Montfort, Simon de

Montfort, Simon de
born 1165?
died June 25, 1218, Toulouse, France

French leader of the Albigensian Crusade.

From 1209 he led a Crusade against the Cathari heretics, and he became governor of the lands he conquered in southern France. The fourth Lateran Council gave him Toulouse (1215), but Raymond VI, count of Toulouse, refused to accept defeat, and Montfort was killed while besieging the city. His eldest son ceded the Montfort lands in southern France to King Louis VIII.
later Earl of Leicester

born с 1208, Montfort, Ile-de-France, France
died Aug. 4, 1265, Evesham, Worcestershire, Eng.

The second son of Simon de Montfort, he gave up Montfort lands in France but revived the family claim to the English earldom of Leicester.

His marriage to Henry III's sister (1238) offended the barons and led to his temporary exile. Simon distinguished himself on a Crusade to the Holy Land (1240–42) and joined Henry's failed invasion of France (1242). Sent to pacify Gascony (1248), he was censured for his harsh methods there and recalled. He joined the other leading barons in forcing Henry to accept the Provisions of Oxford. When Louis IX annulled the Provisions, Simon defeated and captured Henry (1264) and summoned (1265) what became the beginning of the modern Parliament. He governed England for less than a year before being defeated and killed by Henry's son Edward.

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▪ French crusader
born 1165?
died June 25, 1218, Toulouse, Fr.

      French leader of the Albigensian Crusade declared by Pope Innocent III against the Cathari, an unorthodox religious group in southern France.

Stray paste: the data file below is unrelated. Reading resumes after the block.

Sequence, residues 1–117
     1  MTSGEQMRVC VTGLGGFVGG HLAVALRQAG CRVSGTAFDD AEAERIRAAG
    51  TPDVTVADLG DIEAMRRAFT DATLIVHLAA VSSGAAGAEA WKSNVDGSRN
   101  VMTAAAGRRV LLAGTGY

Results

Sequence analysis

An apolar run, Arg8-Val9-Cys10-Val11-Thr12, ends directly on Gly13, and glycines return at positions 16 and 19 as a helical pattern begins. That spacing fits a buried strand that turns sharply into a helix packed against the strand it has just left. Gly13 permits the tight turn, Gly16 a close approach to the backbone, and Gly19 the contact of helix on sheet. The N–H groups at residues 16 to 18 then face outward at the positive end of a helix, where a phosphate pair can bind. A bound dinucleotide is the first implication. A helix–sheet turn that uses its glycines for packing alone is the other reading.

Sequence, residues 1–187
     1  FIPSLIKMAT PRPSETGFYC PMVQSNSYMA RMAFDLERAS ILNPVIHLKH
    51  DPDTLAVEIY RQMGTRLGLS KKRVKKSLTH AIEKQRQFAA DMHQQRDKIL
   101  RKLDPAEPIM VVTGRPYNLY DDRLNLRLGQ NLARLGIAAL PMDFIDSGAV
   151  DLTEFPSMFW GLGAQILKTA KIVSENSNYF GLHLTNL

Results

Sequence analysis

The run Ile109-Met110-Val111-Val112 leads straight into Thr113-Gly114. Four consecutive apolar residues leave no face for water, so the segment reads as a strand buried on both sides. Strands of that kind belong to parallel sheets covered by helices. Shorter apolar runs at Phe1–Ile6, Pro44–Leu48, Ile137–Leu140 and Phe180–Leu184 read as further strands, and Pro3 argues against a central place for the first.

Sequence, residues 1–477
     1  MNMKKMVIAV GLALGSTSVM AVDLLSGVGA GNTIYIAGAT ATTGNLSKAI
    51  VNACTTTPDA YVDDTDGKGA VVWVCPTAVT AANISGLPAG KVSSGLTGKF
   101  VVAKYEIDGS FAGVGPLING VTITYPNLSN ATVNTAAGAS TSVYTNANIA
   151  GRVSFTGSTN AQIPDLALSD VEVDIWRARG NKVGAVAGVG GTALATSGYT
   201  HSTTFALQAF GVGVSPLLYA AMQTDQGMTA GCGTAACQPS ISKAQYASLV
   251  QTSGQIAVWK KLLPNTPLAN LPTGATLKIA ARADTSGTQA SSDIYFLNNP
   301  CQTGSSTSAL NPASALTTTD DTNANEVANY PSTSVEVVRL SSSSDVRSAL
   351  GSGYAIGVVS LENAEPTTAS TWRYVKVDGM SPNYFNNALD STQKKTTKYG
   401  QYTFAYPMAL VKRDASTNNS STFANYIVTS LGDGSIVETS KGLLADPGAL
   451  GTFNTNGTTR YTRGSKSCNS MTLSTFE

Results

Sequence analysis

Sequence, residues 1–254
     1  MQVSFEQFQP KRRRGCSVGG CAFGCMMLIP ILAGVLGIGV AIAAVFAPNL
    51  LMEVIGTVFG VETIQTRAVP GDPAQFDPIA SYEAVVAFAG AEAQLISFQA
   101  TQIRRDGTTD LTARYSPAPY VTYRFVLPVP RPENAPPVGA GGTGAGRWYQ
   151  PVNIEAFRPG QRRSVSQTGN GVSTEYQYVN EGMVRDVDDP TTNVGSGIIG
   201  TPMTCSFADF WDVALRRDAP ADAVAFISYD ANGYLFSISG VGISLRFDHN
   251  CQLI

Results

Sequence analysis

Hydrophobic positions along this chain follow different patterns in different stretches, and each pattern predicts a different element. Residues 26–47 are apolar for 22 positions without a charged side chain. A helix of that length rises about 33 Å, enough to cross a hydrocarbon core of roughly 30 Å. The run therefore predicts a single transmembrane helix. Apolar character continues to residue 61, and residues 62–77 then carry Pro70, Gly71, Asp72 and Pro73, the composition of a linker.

In 1190 Montfort married Alice de Montmorency (died 1221). During the Fourth Crusade (1202–04) he participated in the siege of Zara and later fought in Syria. Beginning in 1209 he led the fight against the Cathari (better known as Albigenses after the town of Albi) in a crusade that quickly became a war of conquest by the northern French against the nobility of the south. Having conquered Béziers and Carcassonne, he was chosen to govern those lands. When most of the crusaders departed after the 40-day term they had promised to serve, he was left with large territories still to conquer. After he had won the important Battle of Muret in 1213, the lands of Raymond VI, count of Toulouse, were adjudged to Montfort by the fourth Lateran Council (1215) because of Raymond's failure to root out heretics. He now styled himself count of Toulouse, viscount of Béziers and Carcassonne, and duke of Narbonne, but Raymond did not accept defeat. He occupied Toulouse in September 1217. Montfort was killed while besieging the city. His son Amaury (died 1241) soon abandoned the crusade and ceded the Montfort lands in southern France to King Louis VIII.

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Universalium. 2010.